A mother with 20 years’ experience as a paramedic, who was unable to save her daughter when a cocktail frankfurt became lodged in her throat, says anti-choking devices should be mandatory in all schools and child care centres.
- Two NSW children have died after choking on cocktail frankfurts this year: Imogen Lennon, 5, and Decklan Hayward, 7
- Samantha Lennon is calling for anti-choking devices to be mandatory in schools and first aid kits
- The NSW Education Department and a medical expert say more research into the devices is needed
Samantha Lennon said the death of another child in New South Wales in similar circumstances last week highlighted the need for suction devices to be readily available when basic first aid could not unblock a child’s airways.
Ms Lennon and her husband, Bill, said the death of seven-year-old Orange boy Decklan Hayward, who had his life support turned off last week, brought back the trauma of losing their five-year-old daughter, Imogen, in January.
“It breaks your heart all over again because we have been working so hard to try to save families from having to endure this heartbreaking pain,” she said.
“To hear within 100 kilometres of us another child has succumbed to the same circumstances as Imogen, when there are options that could help to prevent this from happening, it is tragic.”
Ms Lennon was driving Imogen home from swimming lessons in Canowindra, in the state’s Central West, when she started choking on a cocktail frank.
Despite spending more than two decades working as a paramedic and being trained in first aid, Ms Lennon was unable to dislodge the snack that was firmly wedged in her daughter’s throat.
Last week, Decklan Hayward died a fortnight after also choking on a cocktail frank while at Glenroi Heights Public School in Orange.
According to a GoFundMe page set up by Decklan’s aunt, he went 20 minutes without oxygen as teachers and paramedics attempted to revive him.
Now, the Lennons want to see devices that help clear airways made mandatory in schools and child care centres, and added to first aid kits, to prevent future tragedies.
TGA approval, but more research needed
According to the Australian Institute of Health and Welfare, 19 children under the age of 14 choked to death between 2020 and 2021.
The Therapeutic Goods Administration (TGA) has approved one brand of an apparatus that uses suction to remove lodged items from an individual’s throat.
The TGA ordered a recall of less than 30 of the masks, distributed between March and June, due to a packing error, and it is not in wide use.
A number of independent studies published on ScienceDirect have concluded anti-choking devices are effective, however more research is required.
“We have defibrillators in schools, shopping centres, and restaurants, why can’t we have an anti-choking device there alongside it?” Ms Lennon asked.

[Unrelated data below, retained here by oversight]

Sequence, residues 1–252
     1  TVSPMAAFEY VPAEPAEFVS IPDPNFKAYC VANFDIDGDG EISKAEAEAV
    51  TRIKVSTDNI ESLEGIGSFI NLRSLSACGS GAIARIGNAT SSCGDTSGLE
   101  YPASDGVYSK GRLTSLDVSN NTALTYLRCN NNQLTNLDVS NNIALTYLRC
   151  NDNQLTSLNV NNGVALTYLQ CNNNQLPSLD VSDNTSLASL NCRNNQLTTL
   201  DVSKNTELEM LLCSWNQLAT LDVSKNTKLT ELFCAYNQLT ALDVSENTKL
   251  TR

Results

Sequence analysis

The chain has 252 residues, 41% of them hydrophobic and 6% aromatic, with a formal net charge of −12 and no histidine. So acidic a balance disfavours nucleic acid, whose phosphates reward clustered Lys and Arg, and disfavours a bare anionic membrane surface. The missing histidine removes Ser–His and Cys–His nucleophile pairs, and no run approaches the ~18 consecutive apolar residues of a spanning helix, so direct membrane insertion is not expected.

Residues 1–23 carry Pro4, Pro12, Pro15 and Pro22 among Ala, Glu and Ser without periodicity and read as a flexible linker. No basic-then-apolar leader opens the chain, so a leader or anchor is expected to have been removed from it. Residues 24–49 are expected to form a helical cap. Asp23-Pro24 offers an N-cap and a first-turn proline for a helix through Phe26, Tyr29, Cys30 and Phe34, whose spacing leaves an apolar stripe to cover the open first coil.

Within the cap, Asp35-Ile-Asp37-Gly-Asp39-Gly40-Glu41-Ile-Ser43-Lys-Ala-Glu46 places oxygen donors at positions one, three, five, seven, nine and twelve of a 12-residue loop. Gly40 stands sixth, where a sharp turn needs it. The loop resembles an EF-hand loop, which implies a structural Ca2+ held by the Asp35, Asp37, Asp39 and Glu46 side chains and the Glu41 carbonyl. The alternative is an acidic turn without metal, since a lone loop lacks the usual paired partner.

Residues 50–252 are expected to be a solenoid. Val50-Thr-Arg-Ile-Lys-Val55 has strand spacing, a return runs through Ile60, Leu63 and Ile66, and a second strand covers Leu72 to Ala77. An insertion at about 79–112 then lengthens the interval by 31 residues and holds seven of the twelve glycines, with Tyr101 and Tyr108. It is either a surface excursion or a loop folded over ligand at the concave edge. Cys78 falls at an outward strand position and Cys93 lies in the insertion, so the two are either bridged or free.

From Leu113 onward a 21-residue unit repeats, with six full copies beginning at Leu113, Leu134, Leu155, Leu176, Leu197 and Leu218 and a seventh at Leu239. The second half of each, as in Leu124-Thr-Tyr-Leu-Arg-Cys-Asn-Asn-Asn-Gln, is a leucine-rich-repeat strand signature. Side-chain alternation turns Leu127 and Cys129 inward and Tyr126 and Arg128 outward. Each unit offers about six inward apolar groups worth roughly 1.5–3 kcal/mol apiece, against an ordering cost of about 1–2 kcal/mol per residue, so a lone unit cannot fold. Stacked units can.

“I would love to see every pre-school, daycare, sporting facility and school have these devices, so if this happens to another child they can be saved and stop other families from going through this heartbreaking tragedy.”
After the loss of her child, Ms Lennon set up Imogen’s Mission to advocate for the devices to be more readily available.
“Imogen was the light of our lives, she was a sparkling five-year old who was about to start school, she wanted to be a vet and just absolutely loved and adored animals,” Ms Lennon said.
“I wanted to do something to have an enduring legacy for our daughter.
“We wanted to make her proud, and try to save other children from dying this horrible death.”
Device ‘could be effective’
Sarah Hunstead, from CPR Kids, an organisation that teaches parents emergency response skills, said it was still too early to approve anti-choking suction devices in schools.
“More studies need to be done before we can recommend them, but there are signs that it could be effective,” she said.
“First aid should still be the priority when a child is choking.”
A spokesperson for the NSW Department of Education said “all staff in schools are fully qualified in first aid and must attend training every year”.
“If, in the future, suction devices are included in the training provided to first aiders, we will undertake consultation to have them included in first aid kits.”
Ms Lennon said other options outside of first aid should be investigated.
“I couldn’t save my child — she was suffering from severe choking after swallowing nearly half a frankfurt,” she said.
“It was lodged in her throat, there was nothing I could do to get it out and in these situations first aid isn’t enough.”
Advice for parents
The director of the Raising Children Network, Derek McCormack, said while such incidents were rare, parents must be aware of ways to limit the risk.
“Choking hazards for babies and young kids can include hazardous items as small as a 20-cent coin, so for parents it is just about being conscious of food and other items around the house,” he said.
Mr McCormack said supervision of children while eating was the most important aspect of reducing the likelihood of choking.
“It doesn’t come down to how big or small you cut it, but more what you are doing when your child is eating,” he said.
“Sit with your child so they are not running around or tempted to play while they are eating.”
Guidance from John Hopkins Children’s Hospital says children have smaller airways that are easily blocked and that hot dogs have a similar size and shape as a child’s airway.
It recommends hot dogs be cut lengthwise and into pieces, with the tough skin removed, before being given to young children to eat.
https://www.abc.net.au/news/2023-08-09/call-for-anti-choking-devices-in-nsw-schools-after-two-kids-die/102672064 Family calls for anti-choking devices in NSW schools, first-aid kits after two children die. Experts say more research is needed